The American and British film industries were not as severely impacted and instead quickly recovered to some sort of new normalcy. Nevertheless, they did notice that after the war fewer people returned to the theaters. To entice audiences to come back, overseas filmmakers thought they needed to show something new. As a result, many American and British directors traveled to Australia to film in a new “cheap location” that offered “an exotic backdrop for exotic stories” (Haltof 5). The British arrived first in Australia. Ealing Studios made a couple of quick stops to produce The Overlanders (1946), Eureka Stockade (1949), and Bitter Springs (1950), before they moved on to East Africa. A couple of years later, they returned again to film The Shiralee (1957) and The Siege of Pinchgut (1959), but had since realized that they only needed to capture the exterior shots in Australia (Stratton 4). The interiors were filmed back home in London, which meant that Australia saw even less of a boost to the local industry. The Rank Organisation employed the same tactic when they produced Robbery Under Arms (1957). The Americans, however, put more stock into their Australian projects and invested millions to film Kangaroo (1952), Summer of the Seventeenth Doll (1959), On the Beach (1959), and The Sundowners (1960).

All in all, the 1950s and 1960s were a tormenting time for Australian film professionals. Almost no more movies were produced and when they were, they rarely hired local talent. Sure, “[i]t was exciting to have internationally known directors” and actors working in the country, but they were not producing Australian films (4). They had a different vision altogether. American and British directors filtered “Australian stories … through [their] foreign eyes” and employed “foreign actors [who] were pretending to be Australians” (4). They came into this country in search of new exotic sensations. They claimed its identity and displayed it on the big screen. And the actual Australians were left sitting in the dark movie theaters wondering what exactly it was they were seeing. It was not them, so much was for sure. At the time, the Australian journalist Tom Fitzgerald commented upon this experience by saying: “Our voices are thin and so weakly articulated as to be barely audible to visitors when they step ashore. The daydreams we get from celluloid are not Australian daydreams” (Haltof 6). A change of direction was desperately needed.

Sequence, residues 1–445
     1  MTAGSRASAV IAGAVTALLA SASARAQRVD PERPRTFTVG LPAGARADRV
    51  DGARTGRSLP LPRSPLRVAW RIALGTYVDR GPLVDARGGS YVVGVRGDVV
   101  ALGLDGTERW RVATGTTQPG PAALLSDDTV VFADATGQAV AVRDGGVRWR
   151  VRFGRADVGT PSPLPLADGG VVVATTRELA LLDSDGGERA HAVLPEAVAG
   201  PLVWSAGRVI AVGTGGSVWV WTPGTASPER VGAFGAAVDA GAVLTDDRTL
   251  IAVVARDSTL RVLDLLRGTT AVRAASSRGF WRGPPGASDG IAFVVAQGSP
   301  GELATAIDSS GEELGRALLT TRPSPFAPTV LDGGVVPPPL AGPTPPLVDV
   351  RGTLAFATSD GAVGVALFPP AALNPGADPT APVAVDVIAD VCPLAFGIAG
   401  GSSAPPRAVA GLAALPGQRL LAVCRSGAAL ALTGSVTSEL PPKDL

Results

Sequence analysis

The history of the Australian cinema continues in Part II with the organization, the arrival, and the collapse of the New Wave. Be sure to come back later this month and check it out.

Work Cited

Hall, Ken G. Introduction. The New Australian Cinema, edited by Scott Murray, Elm Tree Books, 1980, pp. 8–9. Internet Archive,